Well, Bruce, the problem now is finding these missing baffles to put back on it since it didn't come with any when I bought it. I did a quick search on eBay and found a few Wisconsin engine shrouds, but every single one seems to be missing the same baffle plates that mine is!! I take it these were easy to lose or just forget to put back on when working on these engines? Perhaps some people thought it would improve airflow or engine cooling by not having these baffles in place so there is more area for cool air to find its way to the engine? IDK... I imagine all the baffles would also help keep dirt, dust, and grass clippings out of the engine when operating it to extend the engine's life.

So, do any of these Bolens timing flashlights still exist? It would be cool to have one, not to mention it would make timing it a lot easier!

#38 Bolens 1000 ONLINE  

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Posted August 24, 2012 - 03:47 PM

Well, Bruce, the problem now is finding these missing baffles to put back on it since it didn't come with any when I bought it. I did a quick search on eBay and found a few Wisconsin engine shrouds, but every single one seems to be missing the same baffle plates that mine is!! I take it these were easy to lose or just forget to put back on when working on these engines? Perhaps some people thought it would improve airflow or engine cooling by not having these baffles in place so there is more area for cool air to find its way to the engine? IDK... I imagine all the baffles would also help keep dirt, dust, and grass clippings out of the engine when operating it to extend the engine's life.

So, do any of these Bolens timing flashlights still exist? It would be cool to have one, not to mention it would make timing it a lot easier!


If you cant find any baffles elsewhere send me a PM, as I most likely have a few spares laying around I could part with.

As for the timing light, you could probably make your own as it was most likely just a standard light...... I believe I have a homemade one laying around that my grandfather made out of a simple trailer taillight bolted onto a board. If I find it I will take a pic.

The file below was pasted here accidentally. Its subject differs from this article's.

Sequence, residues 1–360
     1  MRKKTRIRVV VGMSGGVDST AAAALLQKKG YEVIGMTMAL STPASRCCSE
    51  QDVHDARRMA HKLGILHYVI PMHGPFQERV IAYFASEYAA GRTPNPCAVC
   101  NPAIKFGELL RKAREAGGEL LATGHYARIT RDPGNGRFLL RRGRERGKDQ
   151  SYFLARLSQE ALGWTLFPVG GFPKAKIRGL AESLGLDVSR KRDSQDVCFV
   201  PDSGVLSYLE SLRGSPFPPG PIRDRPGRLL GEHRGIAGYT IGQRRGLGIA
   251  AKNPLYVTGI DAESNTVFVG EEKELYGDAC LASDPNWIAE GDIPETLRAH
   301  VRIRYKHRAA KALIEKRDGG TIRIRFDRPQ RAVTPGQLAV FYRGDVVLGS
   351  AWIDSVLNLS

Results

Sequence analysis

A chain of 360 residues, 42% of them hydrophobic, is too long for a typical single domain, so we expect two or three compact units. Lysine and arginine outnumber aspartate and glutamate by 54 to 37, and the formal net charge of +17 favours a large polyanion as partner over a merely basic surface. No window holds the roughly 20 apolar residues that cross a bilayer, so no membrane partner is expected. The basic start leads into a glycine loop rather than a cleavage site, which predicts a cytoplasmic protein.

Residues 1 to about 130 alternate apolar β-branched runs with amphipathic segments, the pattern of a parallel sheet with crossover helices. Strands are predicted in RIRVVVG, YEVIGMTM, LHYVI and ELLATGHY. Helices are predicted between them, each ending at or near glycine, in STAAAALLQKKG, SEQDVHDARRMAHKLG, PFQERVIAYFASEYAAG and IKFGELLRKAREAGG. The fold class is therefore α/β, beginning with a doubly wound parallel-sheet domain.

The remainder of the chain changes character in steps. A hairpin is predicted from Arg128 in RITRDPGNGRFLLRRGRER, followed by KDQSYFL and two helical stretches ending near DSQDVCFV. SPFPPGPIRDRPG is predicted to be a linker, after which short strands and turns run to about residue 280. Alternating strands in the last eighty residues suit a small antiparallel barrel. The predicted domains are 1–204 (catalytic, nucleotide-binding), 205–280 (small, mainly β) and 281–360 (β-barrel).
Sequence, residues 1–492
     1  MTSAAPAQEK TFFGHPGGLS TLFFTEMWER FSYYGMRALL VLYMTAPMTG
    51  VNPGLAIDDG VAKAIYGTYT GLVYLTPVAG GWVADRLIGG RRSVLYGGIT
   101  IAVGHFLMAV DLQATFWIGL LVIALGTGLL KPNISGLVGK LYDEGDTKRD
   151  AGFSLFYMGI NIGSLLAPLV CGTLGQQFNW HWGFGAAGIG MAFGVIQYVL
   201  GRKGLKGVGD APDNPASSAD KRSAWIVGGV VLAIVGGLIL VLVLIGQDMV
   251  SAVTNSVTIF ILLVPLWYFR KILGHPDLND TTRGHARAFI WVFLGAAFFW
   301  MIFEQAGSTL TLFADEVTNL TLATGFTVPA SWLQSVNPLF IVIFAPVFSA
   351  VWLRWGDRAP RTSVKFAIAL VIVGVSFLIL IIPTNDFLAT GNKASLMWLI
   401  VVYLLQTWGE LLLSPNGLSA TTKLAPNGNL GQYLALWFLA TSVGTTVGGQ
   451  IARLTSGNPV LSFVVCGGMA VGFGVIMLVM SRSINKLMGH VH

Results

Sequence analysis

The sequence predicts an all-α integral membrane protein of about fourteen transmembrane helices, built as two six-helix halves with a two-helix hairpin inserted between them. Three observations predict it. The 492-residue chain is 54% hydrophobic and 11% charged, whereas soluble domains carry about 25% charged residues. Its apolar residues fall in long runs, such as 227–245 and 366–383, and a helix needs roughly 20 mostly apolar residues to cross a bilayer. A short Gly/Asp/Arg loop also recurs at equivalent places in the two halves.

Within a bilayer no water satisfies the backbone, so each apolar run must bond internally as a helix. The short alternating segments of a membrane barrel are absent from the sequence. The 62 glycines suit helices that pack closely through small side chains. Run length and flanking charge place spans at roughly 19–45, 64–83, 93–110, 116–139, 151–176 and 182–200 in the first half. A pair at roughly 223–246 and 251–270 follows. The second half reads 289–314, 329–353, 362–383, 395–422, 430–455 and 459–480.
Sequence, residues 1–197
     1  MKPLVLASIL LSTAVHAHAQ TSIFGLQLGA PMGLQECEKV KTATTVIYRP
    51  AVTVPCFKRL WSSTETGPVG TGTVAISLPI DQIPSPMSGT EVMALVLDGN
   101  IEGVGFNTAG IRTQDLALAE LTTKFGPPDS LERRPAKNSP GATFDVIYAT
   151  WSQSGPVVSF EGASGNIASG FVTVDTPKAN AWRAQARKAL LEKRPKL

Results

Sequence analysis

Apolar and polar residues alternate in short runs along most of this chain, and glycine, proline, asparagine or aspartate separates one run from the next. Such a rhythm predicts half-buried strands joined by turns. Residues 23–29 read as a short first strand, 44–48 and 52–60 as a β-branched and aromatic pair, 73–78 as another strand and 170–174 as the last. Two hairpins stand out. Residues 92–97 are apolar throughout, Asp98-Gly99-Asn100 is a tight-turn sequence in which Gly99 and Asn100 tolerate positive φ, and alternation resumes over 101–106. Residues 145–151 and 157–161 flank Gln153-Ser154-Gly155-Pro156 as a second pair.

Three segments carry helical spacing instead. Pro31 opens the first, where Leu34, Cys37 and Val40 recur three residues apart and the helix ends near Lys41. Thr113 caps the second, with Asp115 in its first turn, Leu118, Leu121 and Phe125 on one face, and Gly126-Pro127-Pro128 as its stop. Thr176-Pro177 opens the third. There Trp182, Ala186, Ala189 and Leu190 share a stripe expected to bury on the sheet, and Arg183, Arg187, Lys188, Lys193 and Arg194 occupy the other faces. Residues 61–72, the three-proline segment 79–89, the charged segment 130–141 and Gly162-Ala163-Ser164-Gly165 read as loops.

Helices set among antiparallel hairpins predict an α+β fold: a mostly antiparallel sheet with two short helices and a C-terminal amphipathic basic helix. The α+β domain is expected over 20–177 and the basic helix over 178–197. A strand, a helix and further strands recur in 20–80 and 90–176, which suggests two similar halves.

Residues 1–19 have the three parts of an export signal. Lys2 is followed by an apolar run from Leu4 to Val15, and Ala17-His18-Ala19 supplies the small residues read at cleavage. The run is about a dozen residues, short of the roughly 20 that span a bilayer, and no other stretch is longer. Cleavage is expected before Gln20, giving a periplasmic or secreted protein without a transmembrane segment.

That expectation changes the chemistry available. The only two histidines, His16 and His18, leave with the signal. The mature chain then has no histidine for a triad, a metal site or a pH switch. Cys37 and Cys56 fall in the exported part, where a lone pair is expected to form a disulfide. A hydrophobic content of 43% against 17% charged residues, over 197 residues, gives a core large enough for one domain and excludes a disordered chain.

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#39 Bruce Dorsi OFFLINE  

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Posted August 24, 2012 - 11:06 PM

I imagine all the baffles would also help keep dirt, dust, and grass clippings out of the engine when operating it to extend the engine's life.

So, do any of these Bolens timing flashlights still exist? It would be cool to have one, not to mention it would make timing it a lot easier!


The baffles contain and direct the cooling air flow generated by the flywheel. .....However, without periodic cleaning of grass clippings or other debris trapped under the baffles, overheating occurs. ....These are air-cooled engines, so air flow is king!



Here is a link to the flashlight-style tester: http://www.meinerssa...duct.php?id=639 ....There are other brands, sources, and prices for similar testers. ....The testers were not supplied by Bolens. ....They were available under a Wisconsin part number, but could be sourced elsewhere a lot cheaper.

As Brian said, a tester can be made relatively easily. ....You can also buy a cheap Volt-Ohm-Meter for $5-$10 from Walmart, Radio Shack, Harbor Freight, many auto parts stores, or maybe Home Depot or Lowes. ....The meter will not have a light, but some of them have an audible tone emitted when continuity is present. ....Alligator clips for the test leads are much more convenient than the pointed probes. ....These clips can be purchased separately if they are not supplied with the tester.

Test lights or audible testers are much more convenient than reading numbers on the display, when setting points or checking continuity.

A better VOM will cost in the $20-$60 range, but they last many years if not abused. .....Some also have the ability to measure amps, as well as VAC, VDC, and Ohms.

Learning how to use a VOM will serve you well. ....In addition to setting points, they can be used for testing wires, switches, batteries, etc, etc, etc. ....They can also be used for troubleshooting household electrical circuits.
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#40 Bruce Dorsi OFFLINE  

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Posted August 24, 2012 - 11:17 PM

A Parts Manual for the Wisconsin S-7D and S-8D is posted at: http://gardentractor...d-parts-manual/

Additional info for the S-8D engines can be found at:
http://www.wisconsin..._repair_spec/12

An Operator's Manual is posted at: http://gardentractor...12d-tra-10d12d/

#41 MailmAn OFFLINE  

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Posted August 25, 2012 - 06:11 AM

I know, I already downloaded all of those manuals before I started. They still aren't all THAT bloody helpful in setting the points I don't think. A lot of the diagrams are pretty small and hard to read, not to mention I think I saw a couple of descriptions of parts mislabeled in the manual as well! Plus the way the try to describe how to do some things in the manual can be confusing unless you already know what you are doing and then in that case, why do you need the manual if you already know what to do? lol!